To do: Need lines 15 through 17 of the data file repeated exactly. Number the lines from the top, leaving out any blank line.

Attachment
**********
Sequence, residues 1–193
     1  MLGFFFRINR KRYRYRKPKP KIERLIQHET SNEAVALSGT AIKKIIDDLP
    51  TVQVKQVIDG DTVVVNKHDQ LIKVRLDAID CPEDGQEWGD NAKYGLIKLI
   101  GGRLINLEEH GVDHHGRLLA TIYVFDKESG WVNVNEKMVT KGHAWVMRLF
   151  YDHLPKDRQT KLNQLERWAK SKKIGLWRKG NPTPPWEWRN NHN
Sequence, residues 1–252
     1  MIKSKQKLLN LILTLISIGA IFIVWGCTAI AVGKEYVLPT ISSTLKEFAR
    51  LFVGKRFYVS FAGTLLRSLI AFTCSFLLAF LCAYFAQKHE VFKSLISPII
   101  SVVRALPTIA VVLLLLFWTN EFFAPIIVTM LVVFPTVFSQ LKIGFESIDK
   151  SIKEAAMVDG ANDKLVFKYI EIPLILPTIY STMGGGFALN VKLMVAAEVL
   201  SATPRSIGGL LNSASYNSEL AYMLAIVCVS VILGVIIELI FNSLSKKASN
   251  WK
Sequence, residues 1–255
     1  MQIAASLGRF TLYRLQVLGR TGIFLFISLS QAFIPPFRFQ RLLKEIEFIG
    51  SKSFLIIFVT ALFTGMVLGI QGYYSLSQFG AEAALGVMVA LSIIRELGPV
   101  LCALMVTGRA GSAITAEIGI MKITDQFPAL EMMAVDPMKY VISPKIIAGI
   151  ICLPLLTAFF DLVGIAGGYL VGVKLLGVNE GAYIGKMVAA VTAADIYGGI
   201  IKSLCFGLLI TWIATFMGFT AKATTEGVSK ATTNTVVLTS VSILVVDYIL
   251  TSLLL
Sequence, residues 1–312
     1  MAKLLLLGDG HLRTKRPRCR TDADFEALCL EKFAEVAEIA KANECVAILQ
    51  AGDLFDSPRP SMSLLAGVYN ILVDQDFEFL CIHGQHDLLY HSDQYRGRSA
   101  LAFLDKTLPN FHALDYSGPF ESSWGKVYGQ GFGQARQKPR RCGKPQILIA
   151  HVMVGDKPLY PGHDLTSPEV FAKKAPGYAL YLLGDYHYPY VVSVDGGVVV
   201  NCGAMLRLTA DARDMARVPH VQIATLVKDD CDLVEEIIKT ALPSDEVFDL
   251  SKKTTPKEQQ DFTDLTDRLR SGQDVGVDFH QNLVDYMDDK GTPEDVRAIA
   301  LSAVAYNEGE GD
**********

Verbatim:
    51  SKSFLIIFVT ALFTGMVLGI QGYYSLSQFG AEAALGVMVA LSIIRELGPV
   101  LCALMVTGRA GSAITAEIGI MKITDQFPAL EMMAVDPMKY VISPKIIAGI
   151  ICLPLLTAFF DLVGIAGGYL VGVKLLGVNE GAYIGKMVAA VTAADIYGGI